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Justice and Home Affairs Council

Volume 447: debated on Thursday 22 June 2006

The Justice and Home Affairs Council was held on 1-2 June 2006 in Luxembourg. My noble and learned Friend the Attorney-General, Lord Goldsmith, and my noble Friend Baroness Ashton attended the meeting. I thought it would be useful if I were to outline what was discussed and decided at the Council.

The Austrian presidency opened the Council with the ‘A’ points list which was approved.

The presidency secured a general approach to the European Evidence Warrant (EEW) following lengthy negotiations. Discussion at Council focused on the two key issues of territoriality and definitions of offences. A ground for refusal based on where the offence took place was agreed, subject to the requirement that any decision is taken “in exceptional circumstances and on a case by case basis” and after consulting Eurojust. The provision will be reviewed within five years of the EEW coming into force. Proposals to create definitions of certain offences for which dual criminality will not be applied in the framework decision remained unacceptable to most member states and agreement was only possible by allowing Germany to reserve the right to refuse assistance in respect of six offences if the definition of the offence is not that required by Germany. We are content with this compromise solution as we believe that, in practice, very few if any EEW requests relating to serious crime would be affected. I am aware that there are outstanding issues and hope that we can allay any concerns.

There was discussion on the mutual recognition of custodial sentences. A number of member states maintain that a prisoner’s consent should be the general rule although there was a split in the Council. The issue of definition of residence has been remitted to official level.

The presidency concluded that further work was required on the proposal for a framework decision on certain procedural rights. This will continue at senior official level with the UK urging the presidency to ensure future discussion fully involves the Council of Europe. Work will continue on both the legal instrument and proposals for practical measures. There remain concerns over the legal base with the Government noting that there is a risk of legal uncertainty created by the creation of a parallel legal instrument to the ECHR.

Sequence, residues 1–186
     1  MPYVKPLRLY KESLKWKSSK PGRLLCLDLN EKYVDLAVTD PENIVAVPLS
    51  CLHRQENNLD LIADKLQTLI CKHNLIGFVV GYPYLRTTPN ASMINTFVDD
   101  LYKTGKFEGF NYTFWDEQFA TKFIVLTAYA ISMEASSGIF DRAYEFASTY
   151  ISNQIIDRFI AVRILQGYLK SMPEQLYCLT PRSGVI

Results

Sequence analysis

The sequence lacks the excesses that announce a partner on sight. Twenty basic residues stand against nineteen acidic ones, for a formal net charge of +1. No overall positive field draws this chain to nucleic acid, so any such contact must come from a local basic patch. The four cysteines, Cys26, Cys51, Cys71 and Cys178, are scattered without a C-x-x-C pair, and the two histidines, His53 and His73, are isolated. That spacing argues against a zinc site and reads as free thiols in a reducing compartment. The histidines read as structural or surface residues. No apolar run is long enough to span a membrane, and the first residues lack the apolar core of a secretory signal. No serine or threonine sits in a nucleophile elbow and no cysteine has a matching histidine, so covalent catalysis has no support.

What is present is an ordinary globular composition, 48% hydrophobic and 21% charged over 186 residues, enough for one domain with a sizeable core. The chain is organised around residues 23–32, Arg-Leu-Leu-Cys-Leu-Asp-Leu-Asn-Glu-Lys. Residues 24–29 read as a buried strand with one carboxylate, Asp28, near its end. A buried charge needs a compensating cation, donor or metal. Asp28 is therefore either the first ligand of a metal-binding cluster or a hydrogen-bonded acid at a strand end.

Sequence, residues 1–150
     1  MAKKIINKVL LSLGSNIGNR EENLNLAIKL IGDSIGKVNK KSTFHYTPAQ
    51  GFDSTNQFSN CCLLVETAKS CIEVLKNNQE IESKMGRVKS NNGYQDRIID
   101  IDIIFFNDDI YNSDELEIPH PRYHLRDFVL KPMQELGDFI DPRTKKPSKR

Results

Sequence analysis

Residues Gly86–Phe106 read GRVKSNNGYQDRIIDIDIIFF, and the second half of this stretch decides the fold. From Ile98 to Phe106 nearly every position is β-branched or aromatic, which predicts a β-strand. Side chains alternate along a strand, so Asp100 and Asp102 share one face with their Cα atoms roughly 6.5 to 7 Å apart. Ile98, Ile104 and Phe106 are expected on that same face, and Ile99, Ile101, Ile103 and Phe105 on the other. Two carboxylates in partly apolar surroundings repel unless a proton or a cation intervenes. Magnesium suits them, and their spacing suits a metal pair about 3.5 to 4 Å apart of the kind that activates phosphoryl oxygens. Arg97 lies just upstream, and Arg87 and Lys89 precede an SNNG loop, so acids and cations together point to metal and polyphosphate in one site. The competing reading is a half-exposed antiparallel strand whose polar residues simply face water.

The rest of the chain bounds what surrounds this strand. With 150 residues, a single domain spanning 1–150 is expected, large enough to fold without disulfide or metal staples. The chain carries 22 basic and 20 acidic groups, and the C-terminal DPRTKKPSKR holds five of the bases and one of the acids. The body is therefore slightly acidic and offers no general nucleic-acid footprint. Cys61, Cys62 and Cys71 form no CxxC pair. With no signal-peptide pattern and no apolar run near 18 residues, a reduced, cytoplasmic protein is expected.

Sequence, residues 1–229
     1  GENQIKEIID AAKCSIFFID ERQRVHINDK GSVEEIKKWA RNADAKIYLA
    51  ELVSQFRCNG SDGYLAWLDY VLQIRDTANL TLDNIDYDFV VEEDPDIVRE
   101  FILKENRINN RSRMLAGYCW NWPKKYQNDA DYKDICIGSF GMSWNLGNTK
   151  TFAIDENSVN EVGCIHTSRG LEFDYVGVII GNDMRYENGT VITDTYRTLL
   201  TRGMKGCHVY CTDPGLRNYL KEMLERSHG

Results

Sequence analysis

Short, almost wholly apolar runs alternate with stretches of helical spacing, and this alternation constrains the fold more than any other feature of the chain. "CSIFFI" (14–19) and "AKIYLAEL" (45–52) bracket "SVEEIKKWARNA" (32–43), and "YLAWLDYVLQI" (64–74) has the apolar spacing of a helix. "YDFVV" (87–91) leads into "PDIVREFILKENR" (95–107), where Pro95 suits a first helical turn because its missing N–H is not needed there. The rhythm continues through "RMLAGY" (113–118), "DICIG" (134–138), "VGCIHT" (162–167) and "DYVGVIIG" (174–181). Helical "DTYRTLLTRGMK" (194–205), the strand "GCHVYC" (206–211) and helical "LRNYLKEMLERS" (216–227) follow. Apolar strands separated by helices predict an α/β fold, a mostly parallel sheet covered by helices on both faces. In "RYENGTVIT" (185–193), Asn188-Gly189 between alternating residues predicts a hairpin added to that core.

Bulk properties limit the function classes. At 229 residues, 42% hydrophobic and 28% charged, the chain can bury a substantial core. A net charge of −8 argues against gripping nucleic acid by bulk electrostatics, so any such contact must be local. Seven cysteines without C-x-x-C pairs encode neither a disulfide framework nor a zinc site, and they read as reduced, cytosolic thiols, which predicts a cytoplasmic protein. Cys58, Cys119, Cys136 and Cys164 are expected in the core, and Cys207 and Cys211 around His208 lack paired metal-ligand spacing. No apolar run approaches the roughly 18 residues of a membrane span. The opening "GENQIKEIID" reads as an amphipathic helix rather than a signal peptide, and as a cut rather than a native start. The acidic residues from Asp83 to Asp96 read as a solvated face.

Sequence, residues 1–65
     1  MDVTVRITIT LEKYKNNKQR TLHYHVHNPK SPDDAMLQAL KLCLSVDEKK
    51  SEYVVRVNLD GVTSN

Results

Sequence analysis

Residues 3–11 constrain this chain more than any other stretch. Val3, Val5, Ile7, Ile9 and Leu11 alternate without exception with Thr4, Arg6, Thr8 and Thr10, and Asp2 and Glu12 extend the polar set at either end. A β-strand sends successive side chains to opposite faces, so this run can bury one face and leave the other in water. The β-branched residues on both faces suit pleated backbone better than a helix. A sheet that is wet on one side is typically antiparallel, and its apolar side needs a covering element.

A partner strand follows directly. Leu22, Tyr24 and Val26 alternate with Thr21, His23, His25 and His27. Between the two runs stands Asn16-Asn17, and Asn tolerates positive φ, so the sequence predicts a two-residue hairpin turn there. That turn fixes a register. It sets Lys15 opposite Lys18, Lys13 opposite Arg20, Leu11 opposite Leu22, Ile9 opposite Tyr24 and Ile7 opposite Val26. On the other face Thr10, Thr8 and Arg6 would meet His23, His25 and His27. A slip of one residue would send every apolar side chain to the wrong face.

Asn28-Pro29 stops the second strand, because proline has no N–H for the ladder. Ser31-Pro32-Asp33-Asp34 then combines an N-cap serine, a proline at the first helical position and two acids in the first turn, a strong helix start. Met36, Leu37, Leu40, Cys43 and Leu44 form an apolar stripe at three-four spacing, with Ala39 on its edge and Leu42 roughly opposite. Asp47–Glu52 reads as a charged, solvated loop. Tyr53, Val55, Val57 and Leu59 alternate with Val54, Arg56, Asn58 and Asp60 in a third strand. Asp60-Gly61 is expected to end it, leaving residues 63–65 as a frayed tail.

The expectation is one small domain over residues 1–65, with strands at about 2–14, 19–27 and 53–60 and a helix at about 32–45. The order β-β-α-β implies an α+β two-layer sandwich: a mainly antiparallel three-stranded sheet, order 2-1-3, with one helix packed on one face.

A general approach was agreed on a European small claims procedure. The UK supported this as it fulfilled the three principles agreed under the UK presidency that a small claims procedure be simple, swift and inexpensive.

A general approach was not reached on the draft Council decision on asset recovery offices. The presidency will seek a compromise with a view to adopting the Council decision as an ‘A’ point at the next JHA Council.

The presidency noted the report on the future of Europol setting out concrete suggestions for improving the functioning of Europol and that it provided an excellent basis on which future presidencies could build. The question of whether to move to a more flexible legal framework than a convention remained open. The Council conclusions were agreed, subject to a drafting change, based on a UK proposal; the government feels it is premature to state in the Council conclusions that the Europol convention will be converted to a Council decision.

The presidency summarised the Vienna ministerial conference of 4-5 May and hoped to continue the dialogue that had been held between the EU, the US and Russia. Agreement was reached on the conclusions on the Organised Crime Threat Assessment (OCTA).

There were presentations on the implementation of the EU counter-terrorism strategy and the follow up to Hampton Court as well as a lunch time presentation from Mr. Michel Barnier on his recent report on crisis management. Council also heard from the commission on its initial reaction to the ECJ judgment on passenger name records and on the safe third country list.

In the mixed Committee, two subjects were discussed. A general approach was agreed on the revised test of the regulation on the second generation Schengen Information System (SIS II). The presidency clarified that UK and Ireland asylum authorities would not have access. Commission Vice-President, Mr. Franco Frattini, made a presentation of a proposal for common application centres for visas.